About eight days later, Jesus climbed the mountain to pray—taking Peter, John, and James along. While he was in prayer, the appearance of his face changed and his clothes became dazzling white.
Suddenly, they saw two men, Moses and Elijah, talking with Jesus. They appeared in glory and were speaking of departure—the one Jesus was about to complete in Jerusalem. Meanwhile, Peter and those with him were slumped over in sleep.
When they came to, rubbing their eyes, they saw Jesus in his glory and the two men standing with him. Just as Moses and Elijah were leaving, Peter said to Jesus, “Master, this is a great moment! Let’s build three dwellings: one for you, one for Moses, and one for Elijah.” Peter blurted this out without thinking.
While he was speaking, a cloud came and enveloped them; and they became deeply aware of God. Then from the cloud came a voice that said, “This is my Son—the Chosen; Listen to him!”
When the sound of the voice died away, they saw Jesus there alone. They were speechless and during those days, they told no one of what they had seen.
There is at least one more detail in this story that deserves our attention. It’s the specific detail that begins this story—the number eight. This story opens with the words, “About eight days later, Jesus climbed the mountain to pray…”
Eight days later is strangely specific.
To the ancient Israelites, however, numbers were never just numbers. Numbers carried symbolic meaning. Our forbearers—who told and preserved these stories—recognized the number eight as a symbol of new creation.
The poem that begins the book of Genesis details the creation of the universe in seven days—six days of divine labor and a seventh day of rest. Accordingly, the number seven carried with it the symbolism of the creation.
And eight—being creation plus one—carried with it the symbolism of what happens next—the new thing God is doing.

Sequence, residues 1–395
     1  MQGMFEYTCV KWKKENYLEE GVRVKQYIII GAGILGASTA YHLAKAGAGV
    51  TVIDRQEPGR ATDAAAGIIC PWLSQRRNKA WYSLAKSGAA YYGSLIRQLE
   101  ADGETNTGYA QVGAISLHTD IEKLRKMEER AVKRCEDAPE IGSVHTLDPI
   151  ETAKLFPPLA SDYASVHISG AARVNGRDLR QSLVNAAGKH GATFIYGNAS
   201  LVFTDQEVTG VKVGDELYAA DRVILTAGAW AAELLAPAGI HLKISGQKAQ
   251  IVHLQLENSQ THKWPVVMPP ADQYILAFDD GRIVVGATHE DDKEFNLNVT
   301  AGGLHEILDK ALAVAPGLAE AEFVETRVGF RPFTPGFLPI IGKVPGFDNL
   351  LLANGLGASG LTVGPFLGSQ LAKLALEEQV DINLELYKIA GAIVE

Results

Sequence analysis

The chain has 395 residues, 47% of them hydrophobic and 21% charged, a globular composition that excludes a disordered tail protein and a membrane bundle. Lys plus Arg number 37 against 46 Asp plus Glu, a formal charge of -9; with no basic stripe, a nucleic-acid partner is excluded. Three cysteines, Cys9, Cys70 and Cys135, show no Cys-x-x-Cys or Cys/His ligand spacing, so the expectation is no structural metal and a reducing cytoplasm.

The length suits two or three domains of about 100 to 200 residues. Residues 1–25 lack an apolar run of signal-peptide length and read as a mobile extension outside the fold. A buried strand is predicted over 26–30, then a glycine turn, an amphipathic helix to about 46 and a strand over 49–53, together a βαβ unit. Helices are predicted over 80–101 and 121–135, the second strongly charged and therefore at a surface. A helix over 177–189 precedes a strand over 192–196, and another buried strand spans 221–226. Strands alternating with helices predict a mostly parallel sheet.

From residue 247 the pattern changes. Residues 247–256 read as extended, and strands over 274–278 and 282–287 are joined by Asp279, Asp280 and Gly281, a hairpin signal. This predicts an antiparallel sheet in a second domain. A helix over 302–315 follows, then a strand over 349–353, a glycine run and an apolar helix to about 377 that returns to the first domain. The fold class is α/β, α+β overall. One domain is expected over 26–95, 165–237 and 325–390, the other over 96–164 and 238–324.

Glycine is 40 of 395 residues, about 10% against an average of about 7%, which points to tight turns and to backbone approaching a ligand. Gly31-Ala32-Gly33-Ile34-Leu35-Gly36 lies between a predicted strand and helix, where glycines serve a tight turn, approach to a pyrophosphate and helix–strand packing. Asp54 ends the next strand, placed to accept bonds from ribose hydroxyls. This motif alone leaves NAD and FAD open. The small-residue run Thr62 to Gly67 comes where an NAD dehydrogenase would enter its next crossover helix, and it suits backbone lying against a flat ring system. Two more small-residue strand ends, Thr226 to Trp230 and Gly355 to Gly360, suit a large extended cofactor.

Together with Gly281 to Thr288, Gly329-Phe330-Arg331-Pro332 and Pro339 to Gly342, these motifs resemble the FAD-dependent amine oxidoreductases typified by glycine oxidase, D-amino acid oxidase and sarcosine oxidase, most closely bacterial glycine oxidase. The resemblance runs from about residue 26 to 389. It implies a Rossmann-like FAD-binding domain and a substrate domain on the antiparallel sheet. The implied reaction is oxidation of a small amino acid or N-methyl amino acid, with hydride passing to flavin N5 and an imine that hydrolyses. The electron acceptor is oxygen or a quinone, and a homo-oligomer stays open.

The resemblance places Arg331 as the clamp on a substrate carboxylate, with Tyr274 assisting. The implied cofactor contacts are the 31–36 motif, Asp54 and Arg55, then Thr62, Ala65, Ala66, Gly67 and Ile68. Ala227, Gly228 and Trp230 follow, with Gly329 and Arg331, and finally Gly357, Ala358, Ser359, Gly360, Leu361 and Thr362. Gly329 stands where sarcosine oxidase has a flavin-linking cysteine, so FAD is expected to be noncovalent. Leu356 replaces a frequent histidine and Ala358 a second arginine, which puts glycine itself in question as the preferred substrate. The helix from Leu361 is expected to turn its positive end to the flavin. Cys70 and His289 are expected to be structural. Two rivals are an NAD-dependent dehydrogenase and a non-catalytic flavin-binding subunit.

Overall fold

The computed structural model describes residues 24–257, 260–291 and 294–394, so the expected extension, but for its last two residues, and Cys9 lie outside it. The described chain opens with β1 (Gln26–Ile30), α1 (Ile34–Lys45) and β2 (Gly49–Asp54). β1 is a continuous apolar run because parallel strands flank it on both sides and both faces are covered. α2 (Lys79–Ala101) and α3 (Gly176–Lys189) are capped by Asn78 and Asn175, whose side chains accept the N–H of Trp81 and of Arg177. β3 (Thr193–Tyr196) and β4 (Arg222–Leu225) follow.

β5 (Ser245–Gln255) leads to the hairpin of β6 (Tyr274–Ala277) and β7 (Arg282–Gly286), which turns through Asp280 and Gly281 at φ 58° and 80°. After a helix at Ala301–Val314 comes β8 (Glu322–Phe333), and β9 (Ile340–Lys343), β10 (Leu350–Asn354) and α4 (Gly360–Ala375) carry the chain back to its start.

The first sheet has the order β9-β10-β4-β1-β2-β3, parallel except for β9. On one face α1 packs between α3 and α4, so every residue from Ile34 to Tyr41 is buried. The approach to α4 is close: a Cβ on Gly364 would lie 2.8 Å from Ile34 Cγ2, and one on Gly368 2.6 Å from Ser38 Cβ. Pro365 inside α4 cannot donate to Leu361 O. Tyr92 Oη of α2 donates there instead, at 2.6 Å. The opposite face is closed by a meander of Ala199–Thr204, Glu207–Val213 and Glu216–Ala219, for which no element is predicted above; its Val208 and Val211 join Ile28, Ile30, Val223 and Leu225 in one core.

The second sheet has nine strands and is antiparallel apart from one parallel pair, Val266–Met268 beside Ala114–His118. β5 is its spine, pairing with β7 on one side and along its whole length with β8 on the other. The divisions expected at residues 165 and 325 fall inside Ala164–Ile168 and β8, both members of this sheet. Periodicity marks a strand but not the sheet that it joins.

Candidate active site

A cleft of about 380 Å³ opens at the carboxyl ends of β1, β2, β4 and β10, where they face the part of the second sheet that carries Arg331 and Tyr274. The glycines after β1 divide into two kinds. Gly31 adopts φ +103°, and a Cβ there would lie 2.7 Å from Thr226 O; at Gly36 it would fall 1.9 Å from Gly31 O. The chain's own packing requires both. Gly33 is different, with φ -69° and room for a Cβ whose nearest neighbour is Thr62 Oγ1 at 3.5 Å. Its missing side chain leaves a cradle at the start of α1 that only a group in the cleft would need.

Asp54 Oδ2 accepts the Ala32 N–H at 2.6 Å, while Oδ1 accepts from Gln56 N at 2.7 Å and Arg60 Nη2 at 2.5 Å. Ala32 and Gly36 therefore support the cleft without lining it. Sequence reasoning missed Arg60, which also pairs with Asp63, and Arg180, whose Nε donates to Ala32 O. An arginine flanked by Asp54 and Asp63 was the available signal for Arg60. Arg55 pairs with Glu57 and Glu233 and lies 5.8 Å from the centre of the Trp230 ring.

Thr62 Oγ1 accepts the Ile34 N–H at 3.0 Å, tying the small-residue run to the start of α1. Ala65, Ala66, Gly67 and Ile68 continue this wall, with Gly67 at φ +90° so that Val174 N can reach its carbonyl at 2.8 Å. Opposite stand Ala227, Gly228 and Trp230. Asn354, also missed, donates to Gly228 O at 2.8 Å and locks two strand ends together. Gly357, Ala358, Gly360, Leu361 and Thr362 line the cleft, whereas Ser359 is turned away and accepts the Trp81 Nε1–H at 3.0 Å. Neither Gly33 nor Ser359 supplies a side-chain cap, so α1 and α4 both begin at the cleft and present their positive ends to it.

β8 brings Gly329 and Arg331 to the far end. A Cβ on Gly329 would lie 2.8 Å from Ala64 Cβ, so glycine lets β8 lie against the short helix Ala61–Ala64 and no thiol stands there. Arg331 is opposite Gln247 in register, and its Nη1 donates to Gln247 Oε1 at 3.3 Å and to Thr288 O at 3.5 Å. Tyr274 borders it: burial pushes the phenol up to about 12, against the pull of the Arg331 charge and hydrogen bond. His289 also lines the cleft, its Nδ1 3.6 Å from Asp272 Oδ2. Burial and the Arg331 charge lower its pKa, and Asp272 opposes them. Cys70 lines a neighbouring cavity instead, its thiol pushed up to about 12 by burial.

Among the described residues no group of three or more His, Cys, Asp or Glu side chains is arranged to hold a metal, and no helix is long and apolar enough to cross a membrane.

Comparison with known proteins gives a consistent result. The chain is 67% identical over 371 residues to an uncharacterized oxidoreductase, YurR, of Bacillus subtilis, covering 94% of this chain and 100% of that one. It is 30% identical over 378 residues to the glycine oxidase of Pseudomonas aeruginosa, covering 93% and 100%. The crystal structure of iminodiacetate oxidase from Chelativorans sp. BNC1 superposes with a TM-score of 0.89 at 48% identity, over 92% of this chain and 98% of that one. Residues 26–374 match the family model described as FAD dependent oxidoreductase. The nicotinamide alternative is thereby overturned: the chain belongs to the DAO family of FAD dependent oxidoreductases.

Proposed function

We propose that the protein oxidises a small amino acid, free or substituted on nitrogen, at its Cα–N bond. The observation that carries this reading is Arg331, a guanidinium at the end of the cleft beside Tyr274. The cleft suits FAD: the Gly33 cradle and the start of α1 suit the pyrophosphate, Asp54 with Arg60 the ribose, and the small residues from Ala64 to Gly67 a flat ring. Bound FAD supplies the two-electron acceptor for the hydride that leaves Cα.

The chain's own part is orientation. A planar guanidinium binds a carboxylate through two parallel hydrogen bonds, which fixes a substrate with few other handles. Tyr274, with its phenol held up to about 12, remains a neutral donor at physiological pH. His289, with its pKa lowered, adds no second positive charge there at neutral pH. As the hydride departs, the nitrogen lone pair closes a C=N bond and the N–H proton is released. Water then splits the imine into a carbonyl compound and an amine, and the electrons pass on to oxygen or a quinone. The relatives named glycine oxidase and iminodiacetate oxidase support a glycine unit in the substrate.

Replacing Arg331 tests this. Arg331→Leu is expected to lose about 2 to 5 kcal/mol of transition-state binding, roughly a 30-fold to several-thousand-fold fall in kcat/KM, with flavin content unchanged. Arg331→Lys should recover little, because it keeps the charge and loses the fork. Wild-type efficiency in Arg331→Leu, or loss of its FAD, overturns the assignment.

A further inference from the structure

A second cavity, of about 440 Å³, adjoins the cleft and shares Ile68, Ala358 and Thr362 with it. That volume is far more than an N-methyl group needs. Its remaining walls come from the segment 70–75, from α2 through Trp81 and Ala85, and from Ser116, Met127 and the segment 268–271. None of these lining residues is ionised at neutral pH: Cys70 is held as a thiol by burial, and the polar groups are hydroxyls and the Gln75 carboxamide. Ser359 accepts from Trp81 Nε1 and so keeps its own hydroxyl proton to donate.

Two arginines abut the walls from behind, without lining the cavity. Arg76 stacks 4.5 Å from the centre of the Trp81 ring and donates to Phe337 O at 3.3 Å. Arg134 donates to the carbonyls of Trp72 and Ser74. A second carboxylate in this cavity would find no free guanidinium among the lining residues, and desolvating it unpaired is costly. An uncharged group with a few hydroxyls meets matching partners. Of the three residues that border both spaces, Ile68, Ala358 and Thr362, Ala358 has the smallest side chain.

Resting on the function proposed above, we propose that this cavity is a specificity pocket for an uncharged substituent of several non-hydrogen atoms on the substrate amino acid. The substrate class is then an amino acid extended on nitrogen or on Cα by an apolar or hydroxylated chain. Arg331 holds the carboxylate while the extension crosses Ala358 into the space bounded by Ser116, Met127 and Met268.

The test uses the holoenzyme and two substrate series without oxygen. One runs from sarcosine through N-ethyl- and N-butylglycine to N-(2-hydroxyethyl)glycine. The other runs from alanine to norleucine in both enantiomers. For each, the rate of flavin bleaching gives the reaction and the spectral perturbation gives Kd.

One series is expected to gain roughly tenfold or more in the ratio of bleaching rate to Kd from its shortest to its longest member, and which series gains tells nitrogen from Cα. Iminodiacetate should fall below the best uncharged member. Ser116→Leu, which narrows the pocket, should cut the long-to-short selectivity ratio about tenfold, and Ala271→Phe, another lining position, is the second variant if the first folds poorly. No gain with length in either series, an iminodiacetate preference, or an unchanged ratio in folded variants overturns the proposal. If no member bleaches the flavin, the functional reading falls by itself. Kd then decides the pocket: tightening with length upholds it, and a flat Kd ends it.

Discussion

On the seventh day of creation, God rested…but on the eighth day, the transformation of that creation into something more beautiful began.
From the opening sentence, this story is declaring transfiguration, metamorphosis, new creation.
God is doing a new thing.
At the end of her study in spiritual experiences, Dr. Lisa Miller concluded, “We can choose how we approach life, especially during major inflection points.” “We can ignore the existential questions,” and the mountains and clouds that ignite “our spiritual awareness.” We can dismiss the details, resist renewal, and shutter every space, in an attempt to sidestep suffering. Or, as Dr. Miller writes, “we can open the door to a reshuffling of meaning, to the foundational, felt awareness that we are loved…and held…and part of it all.”
Anyone can be transformed. We will have to transcend our past, suffering will transpire, and we will need time to translate what has happened to us.
But metamorphosis is not just part of our potential. It’s hardwired into creation. It’s baked right in. We’ve always had the opportunity to become—to become something more beautiful—more light-bearing—more life-giving. We’ve always had the opportunity to be transfigured. It began the day after God rested—the eighth day—and it hasn't stopped since.
That much is transparent.
May we remember our shared spiritual capacity for transformation. May we be people who transcend our past, facing and absorbing the suffering that will transpire. May we take time to translate our experiences. And may we come alongside those on the mountain and in the garden to let them know they are not alone.
Go in Peace.
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